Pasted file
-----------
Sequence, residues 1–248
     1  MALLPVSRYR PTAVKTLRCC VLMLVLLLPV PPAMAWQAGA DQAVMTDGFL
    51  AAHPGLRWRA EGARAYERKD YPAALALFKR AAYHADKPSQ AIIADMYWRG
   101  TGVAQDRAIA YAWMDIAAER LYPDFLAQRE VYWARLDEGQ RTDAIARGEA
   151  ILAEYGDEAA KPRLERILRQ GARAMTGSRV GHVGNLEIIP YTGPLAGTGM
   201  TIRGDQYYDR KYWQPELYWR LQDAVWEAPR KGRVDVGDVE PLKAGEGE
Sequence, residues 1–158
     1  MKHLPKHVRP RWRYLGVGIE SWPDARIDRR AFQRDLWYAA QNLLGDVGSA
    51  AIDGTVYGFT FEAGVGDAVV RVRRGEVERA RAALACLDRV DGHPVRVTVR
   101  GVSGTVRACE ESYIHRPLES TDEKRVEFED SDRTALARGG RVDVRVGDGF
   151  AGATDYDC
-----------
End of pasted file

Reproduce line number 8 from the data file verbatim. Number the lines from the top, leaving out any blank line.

     1  MKHLPKHVRP RWRYLGVGIE SWPDARIDRR AFQRDLWYAA QNLLGDVGSA